Job seekers hear a lot about transferable skills. And anyone in the nursing profession will hear about transferable skills even more. Within a profession that’s so broad and provides skills that are easily adapted to many roles, nurses should always be aware of how their skills are valuable marketable assets that will be a benefit in many roles.

That means an ER nurse can show how excellent critical thinking skills are just as important in a charge nurse role. A flight nurse’s ability to adapt to unpredictable conditions could transfer to a travel nurse role or would be valuable in an administrator position.

Whether you’re looking for a new job, considering a lateral move to another area of nursing, or just think it’s time to advocate for a promotion or a pay raise, understanding the true value of your transferable skills is essential.

You might be surprised at how broad your skills really are. Here’s why it matters.

Knowing your value makes it easier to explain how you can adapt to a new role.

Knowing your skill set is essential. But taking the extra step of connecting your skills in your daily job with skills you’ll need in new pursuits is especially telling. You might find you’re much more qualified than you think. And when you can demonstrate that in your resume or in an interview, your chances of reaching your goals are that much greater.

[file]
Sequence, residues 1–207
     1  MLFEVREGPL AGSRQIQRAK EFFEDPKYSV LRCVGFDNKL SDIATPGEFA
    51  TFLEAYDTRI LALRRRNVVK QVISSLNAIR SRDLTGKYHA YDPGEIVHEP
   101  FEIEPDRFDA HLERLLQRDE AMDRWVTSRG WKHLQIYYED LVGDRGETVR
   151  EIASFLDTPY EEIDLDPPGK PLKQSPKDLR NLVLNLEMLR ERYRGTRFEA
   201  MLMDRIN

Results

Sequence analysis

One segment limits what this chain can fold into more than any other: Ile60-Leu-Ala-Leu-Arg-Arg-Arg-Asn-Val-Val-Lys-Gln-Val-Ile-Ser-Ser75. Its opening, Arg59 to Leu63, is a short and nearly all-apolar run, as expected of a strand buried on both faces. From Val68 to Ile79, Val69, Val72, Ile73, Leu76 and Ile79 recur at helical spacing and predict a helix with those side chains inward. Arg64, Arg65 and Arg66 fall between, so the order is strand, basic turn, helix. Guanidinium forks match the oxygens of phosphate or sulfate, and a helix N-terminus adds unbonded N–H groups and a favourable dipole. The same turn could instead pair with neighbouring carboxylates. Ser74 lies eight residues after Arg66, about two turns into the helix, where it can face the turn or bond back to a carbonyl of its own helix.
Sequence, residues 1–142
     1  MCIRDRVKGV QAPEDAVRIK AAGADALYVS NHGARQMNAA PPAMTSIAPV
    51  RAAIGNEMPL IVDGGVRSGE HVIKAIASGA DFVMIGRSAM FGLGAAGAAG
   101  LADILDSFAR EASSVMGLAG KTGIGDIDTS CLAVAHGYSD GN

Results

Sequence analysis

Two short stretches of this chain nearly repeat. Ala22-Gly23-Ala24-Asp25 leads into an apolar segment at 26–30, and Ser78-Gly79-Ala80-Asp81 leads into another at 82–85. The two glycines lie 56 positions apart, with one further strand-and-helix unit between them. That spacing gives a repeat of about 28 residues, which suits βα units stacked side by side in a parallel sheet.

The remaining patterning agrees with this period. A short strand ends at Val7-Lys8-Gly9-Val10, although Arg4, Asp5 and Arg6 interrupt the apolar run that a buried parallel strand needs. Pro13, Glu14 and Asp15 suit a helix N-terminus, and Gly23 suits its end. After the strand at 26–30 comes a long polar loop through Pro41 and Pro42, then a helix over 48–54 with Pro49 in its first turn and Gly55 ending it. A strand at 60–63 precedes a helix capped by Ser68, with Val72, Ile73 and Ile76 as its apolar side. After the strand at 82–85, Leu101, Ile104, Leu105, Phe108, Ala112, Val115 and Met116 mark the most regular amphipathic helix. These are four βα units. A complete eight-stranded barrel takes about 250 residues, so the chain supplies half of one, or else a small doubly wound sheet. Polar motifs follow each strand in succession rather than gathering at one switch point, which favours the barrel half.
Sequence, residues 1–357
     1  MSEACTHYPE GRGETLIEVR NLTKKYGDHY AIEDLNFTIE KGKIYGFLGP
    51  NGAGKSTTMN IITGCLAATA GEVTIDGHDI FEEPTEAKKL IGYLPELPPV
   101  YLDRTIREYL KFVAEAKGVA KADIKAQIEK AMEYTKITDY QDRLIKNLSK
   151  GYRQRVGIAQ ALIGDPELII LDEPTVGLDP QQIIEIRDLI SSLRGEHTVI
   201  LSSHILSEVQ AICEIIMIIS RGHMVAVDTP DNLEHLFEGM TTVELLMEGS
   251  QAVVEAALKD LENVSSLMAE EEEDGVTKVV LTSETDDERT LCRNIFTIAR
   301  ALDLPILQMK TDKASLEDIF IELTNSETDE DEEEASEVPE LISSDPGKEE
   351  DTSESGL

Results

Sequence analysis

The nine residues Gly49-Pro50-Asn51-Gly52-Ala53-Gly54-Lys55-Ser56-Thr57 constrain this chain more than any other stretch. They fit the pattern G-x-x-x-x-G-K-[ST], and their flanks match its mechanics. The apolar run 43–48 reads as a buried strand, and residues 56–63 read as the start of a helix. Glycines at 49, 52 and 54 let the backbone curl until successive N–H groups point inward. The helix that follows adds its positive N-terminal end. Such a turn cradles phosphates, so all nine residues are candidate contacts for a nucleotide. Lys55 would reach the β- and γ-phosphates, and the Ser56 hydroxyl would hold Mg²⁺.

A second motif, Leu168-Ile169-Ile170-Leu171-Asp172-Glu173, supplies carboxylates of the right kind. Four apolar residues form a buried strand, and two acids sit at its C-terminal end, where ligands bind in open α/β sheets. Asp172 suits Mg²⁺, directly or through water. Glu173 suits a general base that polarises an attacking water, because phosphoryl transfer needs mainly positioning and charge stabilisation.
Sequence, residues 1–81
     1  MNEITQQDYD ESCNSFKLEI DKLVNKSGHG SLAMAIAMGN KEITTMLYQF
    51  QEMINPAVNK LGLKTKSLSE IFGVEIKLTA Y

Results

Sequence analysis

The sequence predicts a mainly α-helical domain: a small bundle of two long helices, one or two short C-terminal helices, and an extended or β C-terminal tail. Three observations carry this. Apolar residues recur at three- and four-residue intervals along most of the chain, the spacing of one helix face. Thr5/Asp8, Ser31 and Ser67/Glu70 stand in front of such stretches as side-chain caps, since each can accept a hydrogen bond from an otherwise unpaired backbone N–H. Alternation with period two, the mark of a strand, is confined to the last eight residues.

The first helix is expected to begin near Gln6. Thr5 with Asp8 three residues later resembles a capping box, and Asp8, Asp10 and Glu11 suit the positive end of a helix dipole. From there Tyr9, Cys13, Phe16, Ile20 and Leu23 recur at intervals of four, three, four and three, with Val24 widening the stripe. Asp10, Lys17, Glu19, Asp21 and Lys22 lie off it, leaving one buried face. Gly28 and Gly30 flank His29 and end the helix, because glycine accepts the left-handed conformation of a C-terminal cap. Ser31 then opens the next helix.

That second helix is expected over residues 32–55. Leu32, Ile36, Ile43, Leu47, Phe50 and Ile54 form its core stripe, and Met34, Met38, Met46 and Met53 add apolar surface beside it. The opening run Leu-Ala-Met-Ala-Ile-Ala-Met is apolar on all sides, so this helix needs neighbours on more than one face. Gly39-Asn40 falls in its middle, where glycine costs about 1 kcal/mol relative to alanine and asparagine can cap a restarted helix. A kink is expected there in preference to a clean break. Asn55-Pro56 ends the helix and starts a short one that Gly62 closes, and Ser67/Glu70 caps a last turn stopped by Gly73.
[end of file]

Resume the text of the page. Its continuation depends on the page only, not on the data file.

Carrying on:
Your skills make you valuable.

When it comes time for a review, stating how much you do for your organization gives you leverage. If you leave, your skills go with you. That means your replacement will have to learn the ropes of how your organization works, how teams operate most efficiently and effectively, and what the routines are. You also take your own personal expertise at nuances like accurately assessing pain levels, communicating with families in crisis, or working with pediatric patients. You shouldn’t demand a raise, but you can matter-of-factly explain how your skills benefit your organization.

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Other organizations need your skills.

If you are considering a move to a new area of nursing, you probably know your nursing degree has equipped you with the most essential skills. But any other capabilities you have developed in your current role can also be valuable in a new role. You just have to think about how. When you apply for a position that is different from what you do now, showing your adaptability reveals your understanding of how you are a good candidate.

The more skilled you are, the more money you can make.

Let’s face it: the more skills you have mastered means you can earn a bigger salary. But if you don’t toot your own horn every now and then, no one will know about it. Are you the kind of nurse who learns constantly? Do you have certifications or do you investigate complex conditions you sometimes see in your patients? Are you a nurse who is diligent about becoming culturally competent? Make sure your supervisor knows about it all.

It’s a confidence boost.

You know how much you do but you might not always know the entire scope until you pull it together. Even if you aren’t looking for a new job, it helps to continually add to your list of skills and understand what those skills would look like in another role. When the time comes to look for a new job (or when you’ve had a particularly tough week and need a pat on the back), your list will come in handy.

Julia Quinn-Szcesuil
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